by catastrophile 2005-05-28 08:45PM | 0 recs
Why should progressives oppose Hillary? Here are a few reasons: she voted for the war in Iraq; she voted for the evil bankruptcy bill; she has begun to hedge on abortion: is it possible to imagine a more unprincipled candidate than this? Didn't we learn in 2004 that a democratic candidate with no principles is a loser? I am staggered to find people on a progressive site who would consider supporting this deeply cynical, unprincipled woman.  
by Jolly frog 2005-05-27 05:46PM | 0 recs
Re: Hillary
seeing as you haven't written a diary and have only commented negatively on Dean and Hillary I feel you are an operative.
by goplies 2005-05-27 05:56PM | 0 recs
Re: Hillary
Those are my three top concerns about Hillary as well.

(1.) Will Hillary be compelled to keep us in Iraq to maintain a "tough foreign policy" image?

(2.) Hillary has been hedging on abortion. Does she support Howard Dean's position or is she an oatmeal mush, Kerry middle of the roader?

(3.) I despise any Democrat who voted for the bankruptcy bill. (I despise most Republicans whether they voted for bankruptcy or not.) There was absolutely no principled reason to vote for the bankruptcy bill. A vote for the bankruptcy bill indicates a willingness to sell out the voters for corrupt corporate interests.

I don't know the anwers to the first two questions and that is troubling. What does Hillary stand for? I'm not certain. A lot of voters vote for the image. I am not one of those people.

by Gary Boatwright 2005-05-27 07:05PM | 0 recs
Bankruptcy Bill
When did Hillary vote for the bankruptcy bill? She was not even present when the bill was voted on, so how can anyone say that she voted for it? This is her statement entered into the public record, opposing the bill. So to sum it all up, she didn't vote for the bankruptcy bill because she wasn't even there, and if she had been, she would've voted against it, at least according to her statement. So why is she being accused of doing something she didn't do?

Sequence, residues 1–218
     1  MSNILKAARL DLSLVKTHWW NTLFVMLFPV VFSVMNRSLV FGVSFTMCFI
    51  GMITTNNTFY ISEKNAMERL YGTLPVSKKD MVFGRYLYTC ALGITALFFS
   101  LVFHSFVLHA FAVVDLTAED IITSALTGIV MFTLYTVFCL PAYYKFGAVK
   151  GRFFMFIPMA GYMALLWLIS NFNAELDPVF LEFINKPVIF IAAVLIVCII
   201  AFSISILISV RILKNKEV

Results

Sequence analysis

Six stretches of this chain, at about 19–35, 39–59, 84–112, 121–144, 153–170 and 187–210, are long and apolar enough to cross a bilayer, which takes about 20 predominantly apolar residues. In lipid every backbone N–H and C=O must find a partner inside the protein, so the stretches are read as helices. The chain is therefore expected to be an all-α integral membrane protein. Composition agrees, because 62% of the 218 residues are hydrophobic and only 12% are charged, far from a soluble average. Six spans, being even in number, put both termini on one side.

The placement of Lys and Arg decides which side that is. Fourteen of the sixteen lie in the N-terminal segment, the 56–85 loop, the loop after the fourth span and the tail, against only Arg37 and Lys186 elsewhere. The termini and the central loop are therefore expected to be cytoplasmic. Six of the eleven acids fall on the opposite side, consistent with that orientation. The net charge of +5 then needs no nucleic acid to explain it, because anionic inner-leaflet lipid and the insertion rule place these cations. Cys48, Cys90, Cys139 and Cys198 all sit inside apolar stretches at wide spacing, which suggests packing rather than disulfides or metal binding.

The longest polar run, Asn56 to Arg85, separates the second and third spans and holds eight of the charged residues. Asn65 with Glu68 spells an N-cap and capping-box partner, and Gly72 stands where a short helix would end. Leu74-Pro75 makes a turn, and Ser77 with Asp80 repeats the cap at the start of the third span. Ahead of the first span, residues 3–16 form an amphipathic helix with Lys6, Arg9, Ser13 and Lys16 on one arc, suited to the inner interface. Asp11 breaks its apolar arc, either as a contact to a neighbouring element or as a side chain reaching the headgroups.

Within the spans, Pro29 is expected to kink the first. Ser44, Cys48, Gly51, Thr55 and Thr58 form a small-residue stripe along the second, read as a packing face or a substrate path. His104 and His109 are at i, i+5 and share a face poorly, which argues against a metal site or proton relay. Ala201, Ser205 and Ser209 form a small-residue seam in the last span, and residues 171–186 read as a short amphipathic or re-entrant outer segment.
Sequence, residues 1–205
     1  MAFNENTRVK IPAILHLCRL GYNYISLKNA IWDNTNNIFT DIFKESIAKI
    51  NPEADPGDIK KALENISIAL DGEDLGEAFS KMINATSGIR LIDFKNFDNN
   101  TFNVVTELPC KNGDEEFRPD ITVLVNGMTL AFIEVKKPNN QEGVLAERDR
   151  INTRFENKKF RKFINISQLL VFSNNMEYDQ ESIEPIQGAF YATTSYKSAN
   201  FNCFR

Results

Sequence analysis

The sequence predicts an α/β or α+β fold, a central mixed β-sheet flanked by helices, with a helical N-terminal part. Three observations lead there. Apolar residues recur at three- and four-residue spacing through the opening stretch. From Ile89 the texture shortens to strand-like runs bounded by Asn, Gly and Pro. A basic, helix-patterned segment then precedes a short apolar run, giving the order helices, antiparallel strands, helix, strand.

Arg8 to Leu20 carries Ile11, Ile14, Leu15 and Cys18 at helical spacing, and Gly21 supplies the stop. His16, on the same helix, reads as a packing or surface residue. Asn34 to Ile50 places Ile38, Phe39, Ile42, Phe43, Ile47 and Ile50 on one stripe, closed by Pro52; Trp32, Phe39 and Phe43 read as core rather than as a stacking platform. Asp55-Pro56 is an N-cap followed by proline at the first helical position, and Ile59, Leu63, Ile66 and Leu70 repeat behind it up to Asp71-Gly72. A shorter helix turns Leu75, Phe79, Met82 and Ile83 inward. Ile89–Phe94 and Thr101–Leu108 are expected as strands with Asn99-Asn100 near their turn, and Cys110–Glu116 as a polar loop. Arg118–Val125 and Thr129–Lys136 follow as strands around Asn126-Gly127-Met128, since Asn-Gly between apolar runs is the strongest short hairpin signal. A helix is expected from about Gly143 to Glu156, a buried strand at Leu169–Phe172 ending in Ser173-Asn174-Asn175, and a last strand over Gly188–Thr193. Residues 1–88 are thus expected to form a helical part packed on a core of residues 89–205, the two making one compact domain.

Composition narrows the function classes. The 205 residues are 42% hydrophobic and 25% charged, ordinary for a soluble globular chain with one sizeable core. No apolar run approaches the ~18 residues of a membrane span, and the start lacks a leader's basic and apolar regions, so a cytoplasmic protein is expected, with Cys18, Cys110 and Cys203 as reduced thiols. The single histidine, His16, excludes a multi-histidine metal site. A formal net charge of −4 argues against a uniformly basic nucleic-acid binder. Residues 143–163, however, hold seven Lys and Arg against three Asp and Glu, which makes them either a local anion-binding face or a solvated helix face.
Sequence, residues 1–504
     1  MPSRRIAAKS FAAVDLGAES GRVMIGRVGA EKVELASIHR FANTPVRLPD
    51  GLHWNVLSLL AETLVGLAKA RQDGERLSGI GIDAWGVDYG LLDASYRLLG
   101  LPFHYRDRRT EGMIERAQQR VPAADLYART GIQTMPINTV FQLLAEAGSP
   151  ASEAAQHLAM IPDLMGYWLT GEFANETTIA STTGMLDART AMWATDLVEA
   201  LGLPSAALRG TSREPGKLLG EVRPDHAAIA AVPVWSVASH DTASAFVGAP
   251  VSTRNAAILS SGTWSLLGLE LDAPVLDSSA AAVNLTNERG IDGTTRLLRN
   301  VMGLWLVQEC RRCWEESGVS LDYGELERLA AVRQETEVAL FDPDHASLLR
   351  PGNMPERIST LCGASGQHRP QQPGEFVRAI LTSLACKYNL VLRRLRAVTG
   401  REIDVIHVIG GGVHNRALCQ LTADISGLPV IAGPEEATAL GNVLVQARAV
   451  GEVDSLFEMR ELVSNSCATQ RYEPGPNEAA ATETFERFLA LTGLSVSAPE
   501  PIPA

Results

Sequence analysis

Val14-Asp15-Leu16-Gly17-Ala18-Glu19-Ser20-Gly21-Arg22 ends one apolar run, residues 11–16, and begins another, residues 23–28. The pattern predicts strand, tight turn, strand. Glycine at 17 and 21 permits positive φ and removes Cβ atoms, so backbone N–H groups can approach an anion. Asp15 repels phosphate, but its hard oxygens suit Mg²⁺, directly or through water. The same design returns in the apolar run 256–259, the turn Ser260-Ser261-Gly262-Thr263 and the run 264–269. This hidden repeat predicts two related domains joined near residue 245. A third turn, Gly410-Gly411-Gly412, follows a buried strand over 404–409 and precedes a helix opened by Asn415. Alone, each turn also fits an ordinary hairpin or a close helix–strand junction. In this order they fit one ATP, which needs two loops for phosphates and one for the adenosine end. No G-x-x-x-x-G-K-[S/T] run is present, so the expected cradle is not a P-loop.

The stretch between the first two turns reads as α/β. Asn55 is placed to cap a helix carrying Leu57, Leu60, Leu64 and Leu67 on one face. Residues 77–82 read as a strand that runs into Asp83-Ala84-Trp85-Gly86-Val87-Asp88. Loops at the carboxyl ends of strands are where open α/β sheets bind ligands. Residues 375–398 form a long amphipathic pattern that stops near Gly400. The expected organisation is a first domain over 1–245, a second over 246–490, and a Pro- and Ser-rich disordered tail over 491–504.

by Gabriel 2005-05-27 11:11PM | 0 recs
Re: Bankruptcy Bill
Thank-you for the correction. I try to check the facts before I jump to conclusion. Perhaps it would help if the Hillary on the issues page was updated.

Voted YES on restricting rules on personal bankruptcy. (Jul 2001)
Rated 35% by the US COC, indicating a mixed business voting record. (Dec 2003)

The fact that a YES vote on restricting bankruptcy was still up on her website is somewhat misleading I guess.

 I'm in a very suspicious frame of mind ever since Kerry decided to co-sponsor legislation with Rick Santorum. The Al From/Dick Morris idea that a Democrat candidate has to pander to the right wingnuts to be "electable" is still percolating among the Democratic punditocracy. I'm keeping a perhaps too criticial eye on the "centrist" candidates who are prone to pandering. Until Hillary clarifies a few points, I'm going to continue to be critical of her.

I was genuinely shocked when Kerry decided to co-sponsor legislation with Santorum and was even more shocked that nobody in the Democratic party condemned him for it. It seems like a natural topic for Hillary to issue a stern lecture on women's rights to a deluded bonehead who doesn't have a prayer of getting the Dem nomination again.

by Gary Boatwright 2005-05-28 03:32AM | 0 recs
Re: Bankruptcy Bill
Thanks for this.
by bellarose 2005-05-28 06:33AM | 0 recs
Re: Bankruptcy Bill
The Bankruptcy Bill reminder, that is.  
by bellarose 2005-05-28 06:39AM | 0 recs
Re: Hillary